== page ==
LAWAI — Three artists and teachers will be at the Lawai International Center on Saturday to lead calligraphy classes from 10 a.m. to 11:30 or 12:30 to 2 p.m.
If you’ve ever wondered about the meaning of calligraphy characters, or how from an inner stillness comes the flowing movement of the brush — this is a rare opportunity.
“Calligraphy is part of a meditation practice,” said Kyle Chew, one of the artists.
The Japanese Kanji Characters are key to a secret doorway. Hidden within the characters is a view of nature, and a fresh way to understand the world.
“With child-like simplicity, Rev. Kosen Ishikawa is able bring to life an ancient perspective that is pertinent to our lives today and our future,” according to a press release.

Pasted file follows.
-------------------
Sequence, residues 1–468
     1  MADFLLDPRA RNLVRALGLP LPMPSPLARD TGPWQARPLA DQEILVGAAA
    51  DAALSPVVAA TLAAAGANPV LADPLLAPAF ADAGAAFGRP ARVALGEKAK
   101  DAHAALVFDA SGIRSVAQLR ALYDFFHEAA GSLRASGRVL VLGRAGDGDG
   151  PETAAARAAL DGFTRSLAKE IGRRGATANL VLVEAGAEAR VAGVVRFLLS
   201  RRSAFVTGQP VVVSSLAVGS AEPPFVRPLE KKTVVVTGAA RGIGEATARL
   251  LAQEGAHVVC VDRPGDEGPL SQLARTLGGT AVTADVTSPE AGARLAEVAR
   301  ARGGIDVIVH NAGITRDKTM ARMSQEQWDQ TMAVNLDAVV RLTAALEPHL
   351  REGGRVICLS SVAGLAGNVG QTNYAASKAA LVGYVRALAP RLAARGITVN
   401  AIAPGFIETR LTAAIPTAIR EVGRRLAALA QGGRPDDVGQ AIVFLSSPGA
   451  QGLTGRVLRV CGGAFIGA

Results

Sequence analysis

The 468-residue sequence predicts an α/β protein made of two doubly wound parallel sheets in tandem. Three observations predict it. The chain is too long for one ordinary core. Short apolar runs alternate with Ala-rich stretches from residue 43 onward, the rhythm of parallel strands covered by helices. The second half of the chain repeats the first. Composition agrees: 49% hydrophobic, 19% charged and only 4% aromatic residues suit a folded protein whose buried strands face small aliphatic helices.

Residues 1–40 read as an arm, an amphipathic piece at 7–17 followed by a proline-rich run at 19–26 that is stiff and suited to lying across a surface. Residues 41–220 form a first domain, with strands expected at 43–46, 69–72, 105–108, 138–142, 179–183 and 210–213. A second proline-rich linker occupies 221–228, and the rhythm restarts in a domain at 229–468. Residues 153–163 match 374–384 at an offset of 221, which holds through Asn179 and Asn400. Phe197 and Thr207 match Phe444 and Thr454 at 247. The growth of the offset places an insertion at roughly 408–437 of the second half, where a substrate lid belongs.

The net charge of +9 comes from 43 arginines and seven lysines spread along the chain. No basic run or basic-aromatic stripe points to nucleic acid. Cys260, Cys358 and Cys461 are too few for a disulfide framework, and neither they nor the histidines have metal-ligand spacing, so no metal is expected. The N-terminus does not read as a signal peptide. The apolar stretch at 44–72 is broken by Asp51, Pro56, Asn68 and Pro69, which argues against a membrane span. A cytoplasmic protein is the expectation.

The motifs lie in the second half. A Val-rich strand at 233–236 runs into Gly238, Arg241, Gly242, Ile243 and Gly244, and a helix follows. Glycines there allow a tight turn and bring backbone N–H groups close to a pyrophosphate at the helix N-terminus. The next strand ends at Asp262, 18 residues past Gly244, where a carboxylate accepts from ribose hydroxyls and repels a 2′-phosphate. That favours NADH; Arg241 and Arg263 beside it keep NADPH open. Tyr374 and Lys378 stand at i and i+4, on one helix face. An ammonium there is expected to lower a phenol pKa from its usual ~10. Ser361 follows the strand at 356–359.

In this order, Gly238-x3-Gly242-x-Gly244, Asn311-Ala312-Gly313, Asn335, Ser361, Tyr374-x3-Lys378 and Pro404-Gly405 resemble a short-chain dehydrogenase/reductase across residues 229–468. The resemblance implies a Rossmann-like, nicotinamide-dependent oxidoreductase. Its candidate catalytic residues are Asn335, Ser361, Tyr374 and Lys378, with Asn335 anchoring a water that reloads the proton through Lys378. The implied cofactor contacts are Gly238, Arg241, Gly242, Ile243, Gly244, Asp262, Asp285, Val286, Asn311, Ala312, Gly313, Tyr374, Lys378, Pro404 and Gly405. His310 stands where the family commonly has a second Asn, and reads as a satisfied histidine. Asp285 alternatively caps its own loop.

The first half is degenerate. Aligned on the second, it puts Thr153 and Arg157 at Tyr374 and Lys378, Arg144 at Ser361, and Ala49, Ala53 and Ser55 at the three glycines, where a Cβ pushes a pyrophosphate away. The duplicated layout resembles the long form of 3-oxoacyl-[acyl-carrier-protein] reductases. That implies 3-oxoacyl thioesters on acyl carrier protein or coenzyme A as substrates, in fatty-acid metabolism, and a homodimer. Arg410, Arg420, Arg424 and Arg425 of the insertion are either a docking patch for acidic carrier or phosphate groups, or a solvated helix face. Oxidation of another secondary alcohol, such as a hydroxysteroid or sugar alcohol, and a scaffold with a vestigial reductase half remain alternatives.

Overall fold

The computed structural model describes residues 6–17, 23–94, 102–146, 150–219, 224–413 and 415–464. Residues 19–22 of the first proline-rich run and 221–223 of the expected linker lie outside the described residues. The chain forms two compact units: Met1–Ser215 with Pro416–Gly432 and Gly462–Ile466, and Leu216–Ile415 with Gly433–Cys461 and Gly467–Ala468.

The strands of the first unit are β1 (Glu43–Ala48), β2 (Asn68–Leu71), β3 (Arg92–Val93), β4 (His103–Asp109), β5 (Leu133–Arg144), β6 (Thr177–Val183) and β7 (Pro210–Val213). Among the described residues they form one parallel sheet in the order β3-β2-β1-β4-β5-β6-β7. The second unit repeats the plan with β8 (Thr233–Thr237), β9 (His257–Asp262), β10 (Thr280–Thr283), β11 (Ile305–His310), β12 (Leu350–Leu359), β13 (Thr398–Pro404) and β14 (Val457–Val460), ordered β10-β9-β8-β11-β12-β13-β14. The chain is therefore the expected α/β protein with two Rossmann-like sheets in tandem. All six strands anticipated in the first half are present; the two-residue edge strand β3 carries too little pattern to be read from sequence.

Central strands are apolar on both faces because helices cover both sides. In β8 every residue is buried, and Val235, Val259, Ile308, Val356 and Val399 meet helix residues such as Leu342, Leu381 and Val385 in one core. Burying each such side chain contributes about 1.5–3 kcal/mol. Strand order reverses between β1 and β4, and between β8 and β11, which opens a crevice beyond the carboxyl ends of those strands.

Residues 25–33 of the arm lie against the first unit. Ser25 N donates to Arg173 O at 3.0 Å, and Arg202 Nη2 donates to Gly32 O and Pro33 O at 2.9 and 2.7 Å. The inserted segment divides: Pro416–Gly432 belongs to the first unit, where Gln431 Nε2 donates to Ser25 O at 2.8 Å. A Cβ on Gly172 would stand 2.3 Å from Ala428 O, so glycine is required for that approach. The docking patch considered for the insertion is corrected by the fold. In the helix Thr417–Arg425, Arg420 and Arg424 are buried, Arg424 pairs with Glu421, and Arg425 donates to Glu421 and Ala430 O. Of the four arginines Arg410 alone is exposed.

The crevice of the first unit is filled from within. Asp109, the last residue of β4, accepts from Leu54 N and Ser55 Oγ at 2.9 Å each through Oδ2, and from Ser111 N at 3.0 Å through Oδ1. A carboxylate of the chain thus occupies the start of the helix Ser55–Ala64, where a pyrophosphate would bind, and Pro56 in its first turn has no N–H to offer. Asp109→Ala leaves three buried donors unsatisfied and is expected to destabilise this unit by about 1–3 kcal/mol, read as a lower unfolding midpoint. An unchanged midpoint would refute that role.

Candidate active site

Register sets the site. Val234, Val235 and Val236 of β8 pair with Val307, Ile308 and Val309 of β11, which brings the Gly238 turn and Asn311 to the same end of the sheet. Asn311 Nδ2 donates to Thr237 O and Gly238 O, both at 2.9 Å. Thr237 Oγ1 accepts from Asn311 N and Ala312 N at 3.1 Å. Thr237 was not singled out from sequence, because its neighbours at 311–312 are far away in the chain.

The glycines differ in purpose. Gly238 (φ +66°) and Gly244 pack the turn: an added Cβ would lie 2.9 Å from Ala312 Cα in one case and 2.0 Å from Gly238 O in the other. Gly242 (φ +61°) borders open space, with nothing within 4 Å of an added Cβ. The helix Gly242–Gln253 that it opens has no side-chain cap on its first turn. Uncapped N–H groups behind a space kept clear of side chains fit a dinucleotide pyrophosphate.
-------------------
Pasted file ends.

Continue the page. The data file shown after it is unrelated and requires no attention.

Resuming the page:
Many know Kyle Chew from his Shakuhachi flute music. Chew said his love of his handmade bamboo extends to his brushand he looks forward to sharing the close relationship of calligraphy (Shodo) and Zen.
Yayoi Ishikawa learned calligraphy as a young girl in Japan. Yayoi is the true artist of the teaching staff.
The sounds of the ancient Japanese bamboo flute Shakuhachi in the hand carved Hall of Compassion opens each session.
All ages and beginners are welcome for a hands-on experience.
Donations are appreciated. Proceeds benefit the nonprofit Lawai International Center.
Light refreshments will be served.
To register email email@example.com or call 651-8893 or www.lawaicenter.org.